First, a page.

Marco Rubio fires back at the New York Times over article criticizing his finances

Marco Rubio has fired back at the New York Times after the newspaper ran a story focusing on the Republican presidential candidate's purported financial struggles and his family's traffic offenses.

"The New York Times today attacked Marco because he could not afford to pay for college, arrogantly describing his student loan debt as 'a deep financial hole of his own making,'” said Rubio Communications Director Alex Conant in an email.

“The attack from the Times is just the latest in their continued hits against Marco and his family," he added.

The New York Times also described an "extravagant... luxury speed boat" that Rubio had purchased with an $800,000 advance in 2012 for his memoirs, but Conant refutes that description of the vessel.

"That is not accurate. It's a family fishing boat," the spokesman said.

The New York Times piece, which cites a review of the Florida Senator's financial records and sources close to him, claims that Rubio bought the $80,000, 24-foot speedboat and $50,000 Audi Q7 while struggling to pay off a student loan debt and second mortgage.

Along with the article, the paper also posted a photo of Rubio's home in West Miami with the caption,"The Rubios live in a home in West Miami that is one of the more expensive ones in the area." However, the residence is modest by South Florida standards.

"I know these attacks are part of running for president, but the fact remains that we can't rely on the media to tell our campaign's story," Rubio said in a statement sent supporters.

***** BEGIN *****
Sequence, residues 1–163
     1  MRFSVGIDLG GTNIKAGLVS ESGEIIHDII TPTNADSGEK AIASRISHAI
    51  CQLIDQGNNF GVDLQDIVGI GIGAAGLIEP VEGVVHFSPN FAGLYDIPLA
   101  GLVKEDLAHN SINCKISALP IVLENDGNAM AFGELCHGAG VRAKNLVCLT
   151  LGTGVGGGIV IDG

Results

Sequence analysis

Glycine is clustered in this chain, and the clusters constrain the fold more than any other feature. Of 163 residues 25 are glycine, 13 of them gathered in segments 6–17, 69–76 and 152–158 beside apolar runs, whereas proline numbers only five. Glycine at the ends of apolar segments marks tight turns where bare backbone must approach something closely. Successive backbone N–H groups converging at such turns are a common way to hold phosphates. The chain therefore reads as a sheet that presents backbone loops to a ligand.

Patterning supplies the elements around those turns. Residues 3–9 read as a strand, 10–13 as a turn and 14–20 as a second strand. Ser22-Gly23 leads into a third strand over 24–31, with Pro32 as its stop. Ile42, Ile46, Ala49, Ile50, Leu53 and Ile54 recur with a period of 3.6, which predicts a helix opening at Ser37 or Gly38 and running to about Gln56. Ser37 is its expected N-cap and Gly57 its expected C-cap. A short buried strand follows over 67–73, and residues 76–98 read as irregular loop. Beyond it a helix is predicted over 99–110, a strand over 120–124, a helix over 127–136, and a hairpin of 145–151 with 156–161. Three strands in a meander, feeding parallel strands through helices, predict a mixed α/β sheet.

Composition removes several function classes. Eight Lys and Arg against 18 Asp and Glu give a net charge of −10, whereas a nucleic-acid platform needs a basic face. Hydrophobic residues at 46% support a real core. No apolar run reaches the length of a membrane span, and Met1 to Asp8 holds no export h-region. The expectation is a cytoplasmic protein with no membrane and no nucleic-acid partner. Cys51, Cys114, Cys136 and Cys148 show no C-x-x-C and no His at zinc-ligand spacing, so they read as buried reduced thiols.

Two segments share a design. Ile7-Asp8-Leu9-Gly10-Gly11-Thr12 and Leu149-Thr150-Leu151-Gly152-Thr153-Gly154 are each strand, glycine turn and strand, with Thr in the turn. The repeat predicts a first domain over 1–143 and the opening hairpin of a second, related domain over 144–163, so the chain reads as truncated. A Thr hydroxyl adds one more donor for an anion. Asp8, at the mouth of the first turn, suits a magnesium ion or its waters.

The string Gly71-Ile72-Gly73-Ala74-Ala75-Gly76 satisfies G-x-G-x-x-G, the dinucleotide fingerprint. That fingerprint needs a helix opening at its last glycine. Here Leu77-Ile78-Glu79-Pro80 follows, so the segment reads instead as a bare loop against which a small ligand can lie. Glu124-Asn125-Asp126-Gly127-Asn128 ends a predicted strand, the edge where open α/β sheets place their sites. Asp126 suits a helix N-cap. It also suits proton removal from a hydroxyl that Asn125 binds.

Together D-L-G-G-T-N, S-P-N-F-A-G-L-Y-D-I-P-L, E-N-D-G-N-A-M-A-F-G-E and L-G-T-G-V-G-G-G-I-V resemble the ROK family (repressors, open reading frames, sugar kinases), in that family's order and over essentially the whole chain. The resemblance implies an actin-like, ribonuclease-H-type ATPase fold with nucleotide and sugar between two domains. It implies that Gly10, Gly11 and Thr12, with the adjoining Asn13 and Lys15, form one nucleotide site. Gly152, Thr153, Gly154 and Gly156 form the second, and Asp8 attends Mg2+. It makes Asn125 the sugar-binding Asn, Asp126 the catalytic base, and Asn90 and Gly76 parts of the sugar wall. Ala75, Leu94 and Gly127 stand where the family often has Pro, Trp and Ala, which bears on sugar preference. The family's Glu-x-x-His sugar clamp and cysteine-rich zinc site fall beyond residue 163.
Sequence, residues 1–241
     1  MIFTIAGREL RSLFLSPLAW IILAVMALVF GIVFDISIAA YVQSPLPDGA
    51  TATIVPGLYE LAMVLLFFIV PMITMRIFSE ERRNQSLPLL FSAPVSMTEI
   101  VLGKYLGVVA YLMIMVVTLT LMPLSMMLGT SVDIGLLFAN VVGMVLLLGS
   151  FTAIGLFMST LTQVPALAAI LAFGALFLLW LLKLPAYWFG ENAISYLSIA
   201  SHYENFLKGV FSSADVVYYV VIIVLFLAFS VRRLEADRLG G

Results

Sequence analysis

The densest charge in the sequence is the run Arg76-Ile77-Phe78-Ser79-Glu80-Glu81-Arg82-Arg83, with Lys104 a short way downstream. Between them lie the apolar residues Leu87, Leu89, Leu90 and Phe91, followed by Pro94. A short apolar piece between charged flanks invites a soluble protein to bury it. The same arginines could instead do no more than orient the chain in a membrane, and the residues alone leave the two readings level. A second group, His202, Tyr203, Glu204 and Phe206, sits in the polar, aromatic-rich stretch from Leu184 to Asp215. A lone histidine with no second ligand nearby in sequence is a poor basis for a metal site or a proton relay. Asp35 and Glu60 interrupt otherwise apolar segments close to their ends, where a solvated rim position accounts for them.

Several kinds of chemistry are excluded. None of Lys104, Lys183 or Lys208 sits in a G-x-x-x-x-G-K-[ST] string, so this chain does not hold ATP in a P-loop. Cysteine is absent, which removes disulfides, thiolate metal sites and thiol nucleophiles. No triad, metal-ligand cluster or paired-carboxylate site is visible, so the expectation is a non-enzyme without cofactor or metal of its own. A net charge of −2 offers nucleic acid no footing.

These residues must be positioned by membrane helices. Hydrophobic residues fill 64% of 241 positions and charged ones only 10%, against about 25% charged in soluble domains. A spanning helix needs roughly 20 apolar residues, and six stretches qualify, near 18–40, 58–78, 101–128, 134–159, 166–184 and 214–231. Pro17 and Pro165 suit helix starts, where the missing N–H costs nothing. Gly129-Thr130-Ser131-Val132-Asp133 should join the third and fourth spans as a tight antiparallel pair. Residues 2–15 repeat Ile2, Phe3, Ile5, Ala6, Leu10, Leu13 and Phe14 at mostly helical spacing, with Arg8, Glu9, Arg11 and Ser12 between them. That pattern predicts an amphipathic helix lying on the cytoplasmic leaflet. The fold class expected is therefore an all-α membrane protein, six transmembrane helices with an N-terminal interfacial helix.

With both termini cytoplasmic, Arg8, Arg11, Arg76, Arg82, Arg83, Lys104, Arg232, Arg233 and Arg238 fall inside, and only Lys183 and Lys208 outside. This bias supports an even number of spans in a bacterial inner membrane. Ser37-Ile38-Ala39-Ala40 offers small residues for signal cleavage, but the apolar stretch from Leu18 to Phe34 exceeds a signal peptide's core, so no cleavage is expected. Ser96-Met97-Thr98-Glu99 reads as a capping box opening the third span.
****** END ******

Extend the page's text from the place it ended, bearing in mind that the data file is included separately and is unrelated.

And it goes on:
The article also indicated that doubts about Rubio’s financial choices prompted former presidential candidate Mitt Romney to flag him during the vetting process for vice president.

"Marco Rubio was thoroughly vetted for vice president. Our team was confident that, if chosen, his legislative record and high personal character would have been a great asset to Mitt on the campaign trail and in office," Matt Rhoades, Romney's 2012 campaign manager, told Fox News Latino. "I asked the vetting team if there was anything in Marco's past that would disqualify him as vice presidential candidate – including his finances – and they said there was not. "

The New York Times piece is only the latest in a series of recent articles that call into question Rubio's financial management. Last week the politician finally sold the Tallahassee home that he co-owned with scandal-plagued former Florida Congressman David Rivera. The three-bedroom house had foreclosure proceedings initiated on it in 2010 by the bank that held the mortgage.

He also recently consolidated the debt on his primary residence in West Miami, Florida. The original mortgage required only payments of interest on the principal in its first decade. Rubio has only paid off about 4 percent of overall principal since buying the house.

At end of last year, Rubio was worth no more than $355,000, according to an analysis of his personal financial disclosures records filed with the Senate. That does not include any equity he may have in his West Miami home or proceeds expected from his second book, published in December.

In an effort to clear up what it calls a smear campaign by the New York Times, Rubio's campaign released a series of facts about his personal finances. Among other things, the campaign stated that Rubio has a single debt, the mortgage on his home, and that he paid off over $150,000 in student loans from his undergraduate and law degree.

Last week, the Times also published an article that was widely criticized by conservatives and media watchdogs for its report that Rubio, along with his wife, Jeanette, had received 17 moving violations — Rubio only picked up four moving violations in approximately 20 years, which The Miami Herald wrote was a "yawner" in Florida.

"Four tickets in 18 years makes you, if not a model driver, at least a pretty typical one,” Miami Herald political journalist Patricia Mazzei wrote.

The Associated Press contributed to this report.